The importance of sight cannot be overemphasised, as it is the gateway to the world.

The eye is one of the most important parts of the human body. As a sense organ, it allows for vision. But there are some diseases fighting the eye, even in infants.

Some of those eye diseases are hereditary, while others are contracted.

For four-year-old Dominion, it appears his eye challenge is inherited from one of his parents.

Dominion is suffering from hyperopia, popularly known as short sightedness. It is a deficiency he has been suffering from birth.

His parents have made effort to rectify the condition, and they were asked to get glasses for him.

But they taught the boy was too young to use glasses, hence the little delay.

Dominion’s mother, Victoria, told Bounce News that the eye glasses cost about 12,000 Naira, and even if the figure is really not the issue, they were glad to get an assistance.

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Victoria said Dominion could not watch television from a distance because he wont see the images.

“He has to stand right where the TV is, like he wants to enter inside."

However, solution seems to have come his way when AMA Foundation (AMAF), a nonprofit agency providing support in three key areas – Health, Empowerment and Education, visited his community at Karu Local Government in Nasarawa state.

Though Karu is a community for average people, medical bills is one of the challenges suffered by residents.

AMA’s mission to Karu was to create positive impact on the lives of people with various eye challenges.

Elder brother David was given an eye drop after undergoing some eye exercise, while Dominion himself was recommended to a hospital as his case seemed serious.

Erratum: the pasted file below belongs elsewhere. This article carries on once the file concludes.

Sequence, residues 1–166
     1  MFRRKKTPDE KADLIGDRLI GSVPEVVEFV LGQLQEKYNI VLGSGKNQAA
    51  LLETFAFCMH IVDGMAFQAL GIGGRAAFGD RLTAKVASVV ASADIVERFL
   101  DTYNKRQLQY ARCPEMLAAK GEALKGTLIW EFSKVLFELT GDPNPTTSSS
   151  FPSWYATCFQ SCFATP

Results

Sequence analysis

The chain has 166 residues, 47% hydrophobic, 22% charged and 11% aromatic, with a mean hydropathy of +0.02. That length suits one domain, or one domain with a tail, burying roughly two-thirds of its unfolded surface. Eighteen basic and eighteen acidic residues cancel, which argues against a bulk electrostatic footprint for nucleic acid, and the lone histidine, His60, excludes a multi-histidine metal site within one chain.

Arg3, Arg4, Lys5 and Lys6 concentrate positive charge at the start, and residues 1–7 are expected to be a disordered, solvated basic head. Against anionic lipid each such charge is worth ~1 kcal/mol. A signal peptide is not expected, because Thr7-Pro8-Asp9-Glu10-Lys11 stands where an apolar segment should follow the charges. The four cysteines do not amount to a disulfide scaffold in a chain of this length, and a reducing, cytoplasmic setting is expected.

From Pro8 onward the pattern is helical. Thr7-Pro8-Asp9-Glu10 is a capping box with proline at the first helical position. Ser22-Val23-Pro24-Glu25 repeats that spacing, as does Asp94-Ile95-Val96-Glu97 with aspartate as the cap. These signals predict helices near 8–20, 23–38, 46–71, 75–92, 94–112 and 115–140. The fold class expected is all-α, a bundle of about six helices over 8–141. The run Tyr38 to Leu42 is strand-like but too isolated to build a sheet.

The duo were among over 100 children and adults who benefited from the project.

According to the founder of AMA Foundation, Abdullahi Musa Bello, the growing number of health and social issues affecting Nigerian societies is alarming, hence the need to save the citizens from the menace.

“The dwindling public healthcare and public education has affected tremendously, the quality of educated people in Nigeria.

"We believe that we can contribute in reversing the trend by promoting tolerance, contributing to improved public education as well as promoting tolerance among our people.”

“I am not a politician, and I don’t get money from the government. I do this just to lift the spirit of people and give Nigerians a better life which they deserve,” he told Bounce News in Karu.

“It is unfortunate how politicians have used religion and tribe to divide us, leaving people to suffer.

"No basic amenities, nothing. We will continue to do our best and hope other capable Nigerians will do the same.”

Most of those that benefited from the project got eye drops, and for those that needed glasses, they were referred to a hospital.

They felt relieved to have benefited from the project, as they returned home with smiles on their faces.

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